Table of Contents


Poverty and Race in Canada: Facts about Race, Discrimination, and the Poor

Table of Contents

Table of Contents


Drawing a link between poverty and discrimination is common in Canadian policymaking. The federal government’s anti-racism strategy states that anti-black racism is a cause of high black poverty rates in Canada,1 and its anti-poverty strategy mentions racism as a reason why people from visible minority groups experience poverty. The federal anti-poverty strategy therefore proposes targeting funding towards minority groups: for example, community supports targeted at black Canadians and funding employment and skills training exclusively for Indigenous populations.2 Similarly, the Ontario government’s anti-racism plan also points to racism as a cause of black poverty,3 and its anti-poverty strategy also includes race-based funding, such as supports for “priority groups” including “racialized and Indigenous people.”4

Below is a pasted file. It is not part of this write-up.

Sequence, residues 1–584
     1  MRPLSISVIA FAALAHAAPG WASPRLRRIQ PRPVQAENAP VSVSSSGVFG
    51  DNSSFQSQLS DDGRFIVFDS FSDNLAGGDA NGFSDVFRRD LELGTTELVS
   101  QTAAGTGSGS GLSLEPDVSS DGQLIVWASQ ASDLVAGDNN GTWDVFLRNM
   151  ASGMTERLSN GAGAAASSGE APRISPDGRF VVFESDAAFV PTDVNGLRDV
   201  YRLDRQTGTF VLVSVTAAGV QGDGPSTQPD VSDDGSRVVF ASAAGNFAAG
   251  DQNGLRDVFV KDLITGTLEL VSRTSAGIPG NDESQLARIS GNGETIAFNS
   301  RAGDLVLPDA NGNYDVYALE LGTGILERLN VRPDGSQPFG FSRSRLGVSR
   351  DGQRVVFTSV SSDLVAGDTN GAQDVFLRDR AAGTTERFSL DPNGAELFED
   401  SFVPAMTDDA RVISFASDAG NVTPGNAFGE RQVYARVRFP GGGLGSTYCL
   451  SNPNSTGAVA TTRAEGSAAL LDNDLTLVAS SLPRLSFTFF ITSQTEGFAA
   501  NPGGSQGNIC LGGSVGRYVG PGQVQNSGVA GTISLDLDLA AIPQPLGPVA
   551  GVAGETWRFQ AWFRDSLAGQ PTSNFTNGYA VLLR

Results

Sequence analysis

But do race-based government anti-poverty programs and funding actually help those in poverty? Who benefits from such policies, and who do they fail to assist? This report presents the evidence on poverty in Canada, explores the efficacy of race-based policies, and examines the most effective way to lift Canadians out of poverty.

Failing Canadians who need help most

Looking at the data on those in poverty reveals how misguided race-based anti-poverty programs and funding are. To start, it is important to define “poverty” and in doing so to distinguish between absolute and relative poverty. When someone is living in absolute poverty, they lack the means to provide the basic necessities of life. As of 2019, fewer than three percent of people in Canada are poor in absolute terms.5 However, poverty reduction and anti-poverty strategies do not tend to target this group alone—they also focus on those considered poor relative to the rest of the population based on either income or the cost of living.